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What It Really Means to Be an Optimist

Let's lose the old glass metaphor. It's time to rethink the true meaning of optimism.

You've heard the old saw that "a pessimist sees the glass as half empty while the optimist sees the glass as half full."  That's a stupid comparison.

Defined that way, optimism means giving your life experience a positive emotional spin while pessimism entails giving it a correspondingly negative spin.

If the only difference between optimism and pessimism is your emotional perception, it doesn't really matter which viewpoint you have. "It's half full, and I'm happy about that" isn't much better than "It's half empty, and I'm bummed about that." They're both a passive acceptance of the situation.

As I see it, the true difference between being an optimist and a pessimist isn't emotional spin; it's the belief that you can, should, and will take action to change things.

A true optimist sees things as they are, visualizes how they might become better, and then takes action to make them so.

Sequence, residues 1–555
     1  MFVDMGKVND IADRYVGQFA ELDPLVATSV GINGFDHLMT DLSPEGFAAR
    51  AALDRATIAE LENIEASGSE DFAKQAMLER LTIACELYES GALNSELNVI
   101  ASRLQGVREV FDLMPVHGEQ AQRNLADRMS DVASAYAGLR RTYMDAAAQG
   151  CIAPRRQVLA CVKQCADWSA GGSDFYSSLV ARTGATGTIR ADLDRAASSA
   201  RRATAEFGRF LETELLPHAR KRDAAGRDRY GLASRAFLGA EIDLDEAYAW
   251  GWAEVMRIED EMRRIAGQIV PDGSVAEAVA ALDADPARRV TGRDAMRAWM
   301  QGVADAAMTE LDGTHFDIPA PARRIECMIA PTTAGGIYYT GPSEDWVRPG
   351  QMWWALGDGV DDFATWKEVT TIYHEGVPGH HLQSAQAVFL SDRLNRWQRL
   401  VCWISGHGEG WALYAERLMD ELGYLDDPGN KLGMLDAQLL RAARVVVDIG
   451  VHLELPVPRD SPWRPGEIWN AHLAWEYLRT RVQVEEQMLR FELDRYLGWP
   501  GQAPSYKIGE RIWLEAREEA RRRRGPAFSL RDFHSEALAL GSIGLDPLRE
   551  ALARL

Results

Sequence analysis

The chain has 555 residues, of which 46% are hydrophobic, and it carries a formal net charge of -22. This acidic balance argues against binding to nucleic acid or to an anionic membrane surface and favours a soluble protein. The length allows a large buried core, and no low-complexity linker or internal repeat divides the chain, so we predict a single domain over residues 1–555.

A true pessimist sees things negatively from the start, expects things to get worse, and can barely summon the energy to prevent disaster.

In other words, a pessimist stares at a half-empty glass and mutters, "Why me?" while an optimist sees the same glass and says, "I'm gonna add some ice and drink that sucker."

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Last updated: May 21, 2014


Geoffrey James, a contributing editor for, is an author, speaker, and award-winning blogger. Originally a system architect, brand manager, and industry analyst inside two Fortune 100 companies, he's interviewed more than a thousand successful executives, managers, entrepreneurs, and gurus to discover how business really works. His most recent book is Business Without the Bullsh*t: 49 Secrets and Shortcuts You Need to Know. If you enjoyed this post, sign up for the free weekly Sales Source newsletter.

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